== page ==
Context: We can improve understanding of human methamphetamine dependence, and possibly our abilities to prevent and treat this devastating disorder, by identifying genes whose allelic variants predispose to methamphetamine dependence. Objective: To find "methamphetamine dependence" genes identified by each of 2 genome-wide association (GWA) studies of independent samples of methamphetamine-dependent individuals and matched controls. Design: Replicated GWA results in each of 2 casecontrol studies. Setting: Japan and Taiwan. Participants: Individuals with methamphetamine dependence and matched control subjects free from psychiatric, substance abuse, or substance dependence diagnoses (N=580). Main Outcome Measures: "Methamphetamine dependence" genes that were reproducibly identified by clusters of nominally positive single-nucleotide polymorphisms (SNPs) in both samples in ways that were unlikely to represent chance observations, based on Monte Carlo simulations that corrected for multiple comparisons, and subsets of "methamphetamine dependence" genes that were also identified by GWA studies of dependence on other addictive substances, success in quitting smoking, and memory. Results: Genes identified by clustered nominally positive SNPs from both samples were unlikely to represent chance observations (Monte Carlo P<.00001). Variants in these "methamphetamine dependence" genes are likely to alter cell adhesion, enzymatic functions, transcription, cell structure, and DNA, RNA, and/or protein handling or modification. Cell adhesion genes CSMD1 and CDH13 displayed the largest numbers of clustered nominally positive SNPs. "Methamphetamine dependence" genes overlapped, to extents much greater than chance, with genes identified in GWA studies of dependence on other addictive substances, success in quitting smoking, and memory (Monte Carlo P range <.04 to <.00001). Conclusion: These data support polygenic contributions to methamphetamine dependence from genes that include those whose variants contribute to dependence on several addictive substances, success in quitting smoking, and mnemonic processes.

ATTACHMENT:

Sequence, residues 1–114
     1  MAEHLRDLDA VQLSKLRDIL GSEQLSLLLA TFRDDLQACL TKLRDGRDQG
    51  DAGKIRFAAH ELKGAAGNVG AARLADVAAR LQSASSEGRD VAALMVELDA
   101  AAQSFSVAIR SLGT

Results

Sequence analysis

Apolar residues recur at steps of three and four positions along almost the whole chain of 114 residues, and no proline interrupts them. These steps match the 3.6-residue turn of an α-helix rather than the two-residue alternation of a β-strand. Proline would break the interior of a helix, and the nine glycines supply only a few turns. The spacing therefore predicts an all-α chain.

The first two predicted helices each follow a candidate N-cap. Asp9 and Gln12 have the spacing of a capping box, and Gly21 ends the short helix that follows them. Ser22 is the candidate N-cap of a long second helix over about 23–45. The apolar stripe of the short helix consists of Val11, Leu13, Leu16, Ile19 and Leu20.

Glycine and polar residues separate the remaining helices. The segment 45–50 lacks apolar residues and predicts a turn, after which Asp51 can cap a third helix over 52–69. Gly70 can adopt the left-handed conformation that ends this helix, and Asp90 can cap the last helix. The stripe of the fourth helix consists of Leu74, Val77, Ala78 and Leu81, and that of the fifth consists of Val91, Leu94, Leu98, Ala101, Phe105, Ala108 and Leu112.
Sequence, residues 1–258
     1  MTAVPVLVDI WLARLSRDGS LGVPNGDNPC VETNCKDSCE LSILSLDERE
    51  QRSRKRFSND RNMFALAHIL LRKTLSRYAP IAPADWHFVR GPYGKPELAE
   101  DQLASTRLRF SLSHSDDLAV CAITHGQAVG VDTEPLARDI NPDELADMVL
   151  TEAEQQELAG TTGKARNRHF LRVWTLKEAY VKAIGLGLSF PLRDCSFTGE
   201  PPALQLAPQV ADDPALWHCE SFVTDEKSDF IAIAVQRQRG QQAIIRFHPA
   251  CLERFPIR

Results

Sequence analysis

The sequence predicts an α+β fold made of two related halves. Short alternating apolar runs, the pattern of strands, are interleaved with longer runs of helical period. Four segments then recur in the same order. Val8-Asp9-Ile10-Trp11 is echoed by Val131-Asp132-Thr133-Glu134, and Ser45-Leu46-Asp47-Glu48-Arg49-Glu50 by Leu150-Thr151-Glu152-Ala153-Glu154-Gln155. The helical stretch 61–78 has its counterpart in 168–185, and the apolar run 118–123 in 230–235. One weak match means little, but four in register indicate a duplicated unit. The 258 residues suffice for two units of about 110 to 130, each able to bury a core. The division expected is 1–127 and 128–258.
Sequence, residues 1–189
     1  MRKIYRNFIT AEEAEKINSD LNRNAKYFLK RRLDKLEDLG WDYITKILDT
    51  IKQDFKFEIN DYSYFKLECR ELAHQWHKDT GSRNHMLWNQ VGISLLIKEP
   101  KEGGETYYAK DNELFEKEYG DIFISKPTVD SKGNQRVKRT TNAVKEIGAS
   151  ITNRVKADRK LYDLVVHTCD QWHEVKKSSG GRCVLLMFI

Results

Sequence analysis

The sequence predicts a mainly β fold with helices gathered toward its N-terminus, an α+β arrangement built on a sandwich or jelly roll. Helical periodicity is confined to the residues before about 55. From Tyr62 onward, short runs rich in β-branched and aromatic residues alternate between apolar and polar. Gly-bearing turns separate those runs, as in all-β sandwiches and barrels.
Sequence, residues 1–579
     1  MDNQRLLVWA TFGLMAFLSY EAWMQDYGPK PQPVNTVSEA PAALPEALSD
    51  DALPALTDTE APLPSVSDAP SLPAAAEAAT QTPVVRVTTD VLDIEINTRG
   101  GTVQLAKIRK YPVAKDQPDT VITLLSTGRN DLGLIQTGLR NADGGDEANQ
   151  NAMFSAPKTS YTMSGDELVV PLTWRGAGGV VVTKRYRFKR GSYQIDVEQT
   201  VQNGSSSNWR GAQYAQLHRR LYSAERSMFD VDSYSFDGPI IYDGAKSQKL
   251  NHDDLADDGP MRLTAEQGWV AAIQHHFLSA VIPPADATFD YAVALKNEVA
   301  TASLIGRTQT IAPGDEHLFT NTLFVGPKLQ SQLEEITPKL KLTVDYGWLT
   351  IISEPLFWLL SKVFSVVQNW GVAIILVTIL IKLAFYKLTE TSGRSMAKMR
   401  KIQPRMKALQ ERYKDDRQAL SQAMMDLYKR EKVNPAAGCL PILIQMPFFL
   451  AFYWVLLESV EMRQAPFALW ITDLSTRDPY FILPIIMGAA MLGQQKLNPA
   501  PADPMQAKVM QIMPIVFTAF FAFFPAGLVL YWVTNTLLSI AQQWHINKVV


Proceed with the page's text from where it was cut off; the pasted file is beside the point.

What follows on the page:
All Science Journal Classification (ASJC) codes
- Arts and Humanities (miscellaneous)
- Psychiatry and Mental health